We are so excited to share our new favorite space with you! We realized after spending so much time at home this year, that it was time to put our backyard to good use. It was time to buy the kids a playground! What did “buying a playground” really mean in my mind? Well, in true Lexi fashion… if you’re going to do something, do it right! So, full backyard renovation – check! I am excited to walk you through each step in the process and hopefully you’ll find some useful information along the way. I will break this down into each portion of the project to provide as much insight as possible.


The reason this all began. My mom agreed that we needed a playset for the girls. She was so kind to gift us the best playset! Nana purchased the Canyon Creek Play Set from Backyard Discovery. We purchased it along with the installation (completed by a company called, Go Configure – highly recommend, they were great). The playset arrived in two 10’x3’x2’ boxes plus the 10’ slide in a plastic covering. They delivered it into our garage where we stored it until the space was ready for it to be installed.

Retaining Wall

We originally thought we would grade a lower area of our lawn that is relatively flat, but after spending many hours outside scoping out the plans we realized this area was full-sun practically all day. We wanted an area that was slightly shaded as Georgia summers can get brutal. Make sure when selecting placement for a playset or any type of outdoor feature, to consider tree coverage, the direction the sun rises and sets, and water drainage. All of these things can drastically impact how much utilization you get from the area. We ultimately decided on an area in the middle of our yard. For this to work, we needed a retaining wall. We decided to go with landscaping timbers to keep cost slightly less than what it would be had we gone with stone. We wanted to have the entire 30’ x 35’ area boxed in and separate from the grass since we were going to install artificial turf. When installing the retaining walls, they placed what are called “dead man” posts every 8’ to support the wall over time. They used rebar rods inserted into the wood from the top to keep the wall in place and slightly offset each layer of timbers leaning into the grading. I’ll include photos below for reference. A drainage system was built around the retaining wall to prevent it from collapsing due to heavy rain. We used a corrugated pipe (and enclosed it inside drainage fabric so weeds and roots can’t grow into the piping), then filled all around it with small stones. Once the treated wood has had time to cure we will stain the timbers to match all of the other wood elements inside and outside of our home, a dark walnut stain color. These timbers should last anywhere from 15-20 years.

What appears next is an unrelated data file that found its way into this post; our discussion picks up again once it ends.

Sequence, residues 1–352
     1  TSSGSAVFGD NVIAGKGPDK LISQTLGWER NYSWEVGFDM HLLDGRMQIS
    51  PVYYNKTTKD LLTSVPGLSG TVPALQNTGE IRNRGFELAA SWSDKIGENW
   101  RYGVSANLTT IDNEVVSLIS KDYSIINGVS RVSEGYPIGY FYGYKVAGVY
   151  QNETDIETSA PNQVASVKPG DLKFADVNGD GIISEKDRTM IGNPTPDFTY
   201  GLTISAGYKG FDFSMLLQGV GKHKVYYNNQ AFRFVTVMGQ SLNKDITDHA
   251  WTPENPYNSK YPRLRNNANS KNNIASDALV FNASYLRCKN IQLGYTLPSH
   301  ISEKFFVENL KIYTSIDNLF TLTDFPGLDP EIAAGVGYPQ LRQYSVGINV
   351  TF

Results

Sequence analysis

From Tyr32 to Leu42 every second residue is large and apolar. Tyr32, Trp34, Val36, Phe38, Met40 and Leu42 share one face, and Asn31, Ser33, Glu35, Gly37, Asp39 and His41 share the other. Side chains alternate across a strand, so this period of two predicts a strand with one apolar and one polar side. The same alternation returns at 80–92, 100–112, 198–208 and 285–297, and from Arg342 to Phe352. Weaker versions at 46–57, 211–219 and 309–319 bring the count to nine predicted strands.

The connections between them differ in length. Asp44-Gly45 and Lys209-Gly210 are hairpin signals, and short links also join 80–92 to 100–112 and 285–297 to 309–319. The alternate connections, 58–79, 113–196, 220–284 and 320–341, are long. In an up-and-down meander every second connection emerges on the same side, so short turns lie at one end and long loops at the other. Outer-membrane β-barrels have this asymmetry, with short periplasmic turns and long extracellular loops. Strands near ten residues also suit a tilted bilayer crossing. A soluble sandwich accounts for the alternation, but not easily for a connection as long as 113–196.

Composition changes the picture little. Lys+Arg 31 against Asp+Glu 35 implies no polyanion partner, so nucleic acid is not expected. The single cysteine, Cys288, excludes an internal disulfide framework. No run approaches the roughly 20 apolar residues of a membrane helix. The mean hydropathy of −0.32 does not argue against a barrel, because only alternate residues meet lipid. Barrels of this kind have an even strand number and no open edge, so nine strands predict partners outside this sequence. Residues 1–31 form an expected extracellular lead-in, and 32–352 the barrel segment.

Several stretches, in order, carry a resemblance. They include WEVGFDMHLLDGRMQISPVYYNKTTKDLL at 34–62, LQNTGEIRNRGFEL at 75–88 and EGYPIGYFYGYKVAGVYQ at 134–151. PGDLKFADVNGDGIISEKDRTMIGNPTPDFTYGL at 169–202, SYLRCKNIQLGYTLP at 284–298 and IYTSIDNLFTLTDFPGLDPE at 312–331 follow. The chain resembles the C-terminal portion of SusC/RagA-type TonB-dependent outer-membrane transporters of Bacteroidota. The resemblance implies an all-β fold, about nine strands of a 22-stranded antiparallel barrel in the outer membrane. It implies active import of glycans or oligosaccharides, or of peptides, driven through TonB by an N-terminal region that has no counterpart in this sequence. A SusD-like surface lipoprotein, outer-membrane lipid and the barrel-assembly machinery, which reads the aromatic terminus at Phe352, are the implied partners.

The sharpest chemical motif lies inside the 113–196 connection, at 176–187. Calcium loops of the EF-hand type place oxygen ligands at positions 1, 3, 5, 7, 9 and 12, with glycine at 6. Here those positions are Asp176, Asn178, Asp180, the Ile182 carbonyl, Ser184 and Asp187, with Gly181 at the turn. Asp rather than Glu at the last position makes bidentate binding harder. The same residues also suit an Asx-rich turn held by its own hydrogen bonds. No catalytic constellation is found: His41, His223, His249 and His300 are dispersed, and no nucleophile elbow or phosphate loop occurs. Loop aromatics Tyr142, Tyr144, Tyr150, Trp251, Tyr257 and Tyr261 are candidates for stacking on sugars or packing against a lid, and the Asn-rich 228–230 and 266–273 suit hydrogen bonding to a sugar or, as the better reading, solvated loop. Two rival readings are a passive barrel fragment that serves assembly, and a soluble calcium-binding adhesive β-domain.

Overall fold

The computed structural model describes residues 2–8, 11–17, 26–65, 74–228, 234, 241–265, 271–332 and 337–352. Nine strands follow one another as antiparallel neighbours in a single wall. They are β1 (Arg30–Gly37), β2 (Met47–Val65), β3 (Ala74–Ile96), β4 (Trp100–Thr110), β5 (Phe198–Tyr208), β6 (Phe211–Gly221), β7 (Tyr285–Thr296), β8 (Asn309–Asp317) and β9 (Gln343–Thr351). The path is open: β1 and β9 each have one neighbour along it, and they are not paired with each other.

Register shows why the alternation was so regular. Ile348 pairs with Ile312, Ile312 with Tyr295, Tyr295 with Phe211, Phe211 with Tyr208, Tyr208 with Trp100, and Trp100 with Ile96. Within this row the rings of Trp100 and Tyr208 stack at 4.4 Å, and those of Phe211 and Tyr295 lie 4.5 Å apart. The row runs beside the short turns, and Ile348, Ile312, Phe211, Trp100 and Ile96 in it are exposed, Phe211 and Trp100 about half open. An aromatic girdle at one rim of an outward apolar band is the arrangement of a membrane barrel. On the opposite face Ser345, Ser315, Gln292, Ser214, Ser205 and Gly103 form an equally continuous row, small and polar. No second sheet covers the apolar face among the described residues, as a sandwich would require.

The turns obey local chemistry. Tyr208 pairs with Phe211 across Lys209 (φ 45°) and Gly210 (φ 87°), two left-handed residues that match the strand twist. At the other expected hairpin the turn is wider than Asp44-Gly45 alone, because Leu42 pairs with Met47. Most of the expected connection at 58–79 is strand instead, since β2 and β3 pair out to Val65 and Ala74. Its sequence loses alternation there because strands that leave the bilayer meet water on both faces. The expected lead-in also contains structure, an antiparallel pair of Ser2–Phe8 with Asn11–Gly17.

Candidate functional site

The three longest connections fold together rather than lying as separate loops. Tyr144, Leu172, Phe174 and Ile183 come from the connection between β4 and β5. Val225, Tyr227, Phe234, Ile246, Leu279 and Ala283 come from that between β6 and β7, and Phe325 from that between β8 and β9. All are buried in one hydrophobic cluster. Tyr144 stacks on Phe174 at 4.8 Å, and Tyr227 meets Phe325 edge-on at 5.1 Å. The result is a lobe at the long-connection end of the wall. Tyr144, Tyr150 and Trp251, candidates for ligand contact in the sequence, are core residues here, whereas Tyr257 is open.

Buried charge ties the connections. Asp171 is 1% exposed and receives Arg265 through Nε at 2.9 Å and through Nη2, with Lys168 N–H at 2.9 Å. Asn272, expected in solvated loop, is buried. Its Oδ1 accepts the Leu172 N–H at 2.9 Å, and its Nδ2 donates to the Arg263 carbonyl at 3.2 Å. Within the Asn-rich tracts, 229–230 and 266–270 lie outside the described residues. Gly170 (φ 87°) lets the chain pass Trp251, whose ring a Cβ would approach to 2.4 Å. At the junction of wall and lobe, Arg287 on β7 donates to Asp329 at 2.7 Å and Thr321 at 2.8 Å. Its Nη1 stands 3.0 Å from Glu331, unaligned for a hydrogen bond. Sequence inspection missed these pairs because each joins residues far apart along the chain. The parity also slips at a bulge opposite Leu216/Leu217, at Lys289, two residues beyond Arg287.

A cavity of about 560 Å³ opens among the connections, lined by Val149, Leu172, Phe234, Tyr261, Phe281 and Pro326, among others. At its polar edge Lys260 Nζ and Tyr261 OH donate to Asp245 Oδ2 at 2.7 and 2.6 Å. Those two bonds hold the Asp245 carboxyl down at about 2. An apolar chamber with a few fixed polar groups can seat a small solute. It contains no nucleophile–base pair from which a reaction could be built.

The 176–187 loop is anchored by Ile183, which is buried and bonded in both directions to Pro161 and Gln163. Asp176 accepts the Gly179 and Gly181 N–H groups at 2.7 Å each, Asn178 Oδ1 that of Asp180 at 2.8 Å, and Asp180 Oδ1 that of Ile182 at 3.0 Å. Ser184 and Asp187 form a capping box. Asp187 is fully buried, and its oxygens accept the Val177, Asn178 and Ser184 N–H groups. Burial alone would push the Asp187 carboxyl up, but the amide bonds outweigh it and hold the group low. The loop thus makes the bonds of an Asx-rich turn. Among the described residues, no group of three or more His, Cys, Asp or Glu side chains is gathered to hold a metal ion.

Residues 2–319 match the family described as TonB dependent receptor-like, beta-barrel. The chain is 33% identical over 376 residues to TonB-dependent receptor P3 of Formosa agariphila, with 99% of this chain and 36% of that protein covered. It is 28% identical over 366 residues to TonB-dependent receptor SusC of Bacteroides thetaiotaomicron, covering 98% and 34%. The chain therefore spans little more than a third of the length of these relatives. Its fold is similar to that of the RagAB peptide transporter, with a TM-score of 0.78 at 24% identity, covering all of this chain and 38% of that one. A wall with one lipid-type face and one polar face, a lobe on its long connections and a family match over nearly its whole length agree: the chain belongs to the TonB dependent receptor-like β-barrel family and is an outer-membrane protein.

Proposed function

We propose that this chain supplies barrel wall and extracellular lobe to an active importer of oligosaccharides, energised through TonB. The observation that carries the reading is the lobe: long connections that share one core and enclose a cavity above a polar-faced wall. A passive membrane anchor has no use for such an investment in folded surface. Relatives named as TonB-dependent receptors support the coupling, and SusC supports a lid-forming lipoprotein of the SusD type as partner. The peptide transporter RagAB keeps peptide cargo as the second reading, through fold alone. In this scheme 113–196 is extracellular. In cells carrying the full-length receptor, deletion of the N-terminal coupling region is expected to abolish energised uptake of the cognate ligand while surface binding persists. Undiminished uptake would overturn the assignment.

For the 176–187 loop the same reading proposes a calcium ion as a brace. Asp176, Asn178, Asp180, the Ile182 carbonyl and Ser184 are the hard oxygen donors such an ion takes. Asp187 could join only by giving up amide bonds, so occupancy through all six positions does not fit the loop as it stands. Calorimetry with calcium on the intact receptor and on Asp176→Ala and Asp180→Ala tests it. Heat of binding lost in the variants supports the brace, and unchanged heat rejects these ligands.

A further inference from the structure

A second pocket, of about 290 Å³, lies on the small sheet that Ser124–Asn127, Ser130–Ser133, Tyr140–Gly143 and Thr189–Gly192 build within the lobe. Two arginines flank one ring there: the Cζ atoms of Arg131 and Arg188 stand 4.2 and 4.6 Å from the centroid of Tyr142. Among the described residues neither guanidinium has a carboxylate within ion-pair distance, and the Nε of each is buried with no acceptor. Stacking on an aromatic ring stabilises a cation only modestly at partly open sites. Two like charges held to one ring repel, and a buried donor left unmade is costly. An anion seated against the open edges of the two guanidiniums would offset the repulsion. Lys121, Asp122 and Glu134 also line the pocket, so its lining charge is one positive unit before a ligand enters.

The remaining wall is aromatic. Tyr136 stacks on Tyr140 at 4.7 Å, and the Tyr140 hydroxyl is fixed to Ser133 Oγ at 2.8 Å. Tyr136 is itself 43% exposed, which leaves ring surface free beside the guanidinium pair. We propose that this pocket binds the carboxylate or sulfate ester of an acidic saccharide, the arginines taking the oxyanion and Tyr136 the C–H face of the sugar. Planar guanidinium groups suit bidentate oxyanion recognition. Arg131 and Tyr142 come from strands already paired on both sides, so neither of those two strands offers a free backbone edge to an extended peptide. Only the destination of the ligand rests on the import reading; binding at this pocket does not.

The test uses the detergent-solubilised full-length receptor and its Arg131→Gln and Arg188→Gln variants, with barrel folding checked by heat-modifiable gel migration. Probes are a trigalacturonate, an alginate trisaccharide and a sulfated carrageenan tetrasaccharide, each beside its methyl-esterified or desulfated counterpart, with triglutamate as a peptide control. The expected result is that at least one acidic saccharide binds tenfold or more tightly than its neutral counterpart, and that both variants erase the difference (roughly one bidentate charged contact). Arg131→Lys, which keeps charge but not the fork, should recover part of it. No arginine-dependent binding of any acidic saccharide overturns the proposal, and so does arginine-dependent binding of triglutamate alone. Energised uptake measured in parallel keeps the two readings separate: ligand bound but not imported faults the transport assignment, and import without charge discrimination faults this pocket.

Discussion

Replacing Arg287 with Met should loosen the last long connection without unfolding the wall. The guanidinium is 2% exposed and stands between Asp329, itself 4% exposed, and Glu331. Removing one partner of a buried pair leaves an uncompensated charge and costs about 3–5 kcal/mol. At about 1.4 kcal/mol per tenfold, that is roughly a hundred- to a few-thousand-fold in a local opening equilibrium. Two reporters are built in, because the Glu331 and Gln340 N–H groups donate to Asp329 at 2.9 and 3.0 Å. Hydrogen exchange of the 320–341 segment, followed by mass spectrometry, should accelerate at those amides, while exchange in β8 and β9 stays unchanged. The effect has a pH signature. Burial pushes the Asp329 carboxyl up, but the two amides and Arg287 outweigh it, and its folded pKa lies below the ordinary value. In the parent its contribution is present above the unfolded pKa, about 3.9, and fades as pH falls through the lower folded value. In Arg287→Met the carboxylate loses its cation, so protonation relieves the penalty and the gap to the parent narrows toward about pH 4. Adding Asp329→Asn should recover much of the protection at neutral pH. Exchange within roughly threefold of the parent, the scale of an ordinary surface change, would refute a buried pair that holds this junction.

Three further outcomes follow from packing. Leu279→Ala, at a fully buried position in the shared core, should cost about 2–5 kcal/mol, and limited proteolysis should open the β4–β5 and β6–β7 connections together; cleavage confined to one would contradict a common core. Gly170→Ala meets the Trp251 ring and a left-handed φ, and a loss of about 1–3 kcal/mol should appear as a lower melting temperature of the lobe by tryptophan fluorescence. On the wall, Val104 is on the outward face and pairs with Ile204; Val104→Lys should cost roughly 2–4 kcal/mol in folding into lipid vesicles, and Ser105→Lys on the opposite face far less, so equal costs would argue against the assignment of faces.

After the retaining wall was built and the surrounding area prepped, in came the stone to build the base for turf. We needed stone for the base of the turf as drainage. When it rains you want the water to filter through the turf and stone base allowing several inches for water to slowly seep into the ground to prevent flooding/puddling. After compacting the soil and laying one layer of weed barrier, we brought in 17 tons of crush and run. This is a fine granite based stone that is used to build the base for roadways.  We applied this to the entire 30’x35’ area at a roughly 3” – 4” depth. Seventeen tons was more than enough for this area, and actually allowed for enough extra to build a 13’x13’ fire pit area (which was an afterthought given we had the extra stone). The next step was compacting the crush and run, and adding in 1” of granite dust on top. This is a finer form of granite great for leveling, smoothing, and creating a soft concrete like finish. We also used this to fill around the larger decorative stones in the fire pit area. Once this was also compacted we layered on an additional layer of weed barrier for good measure.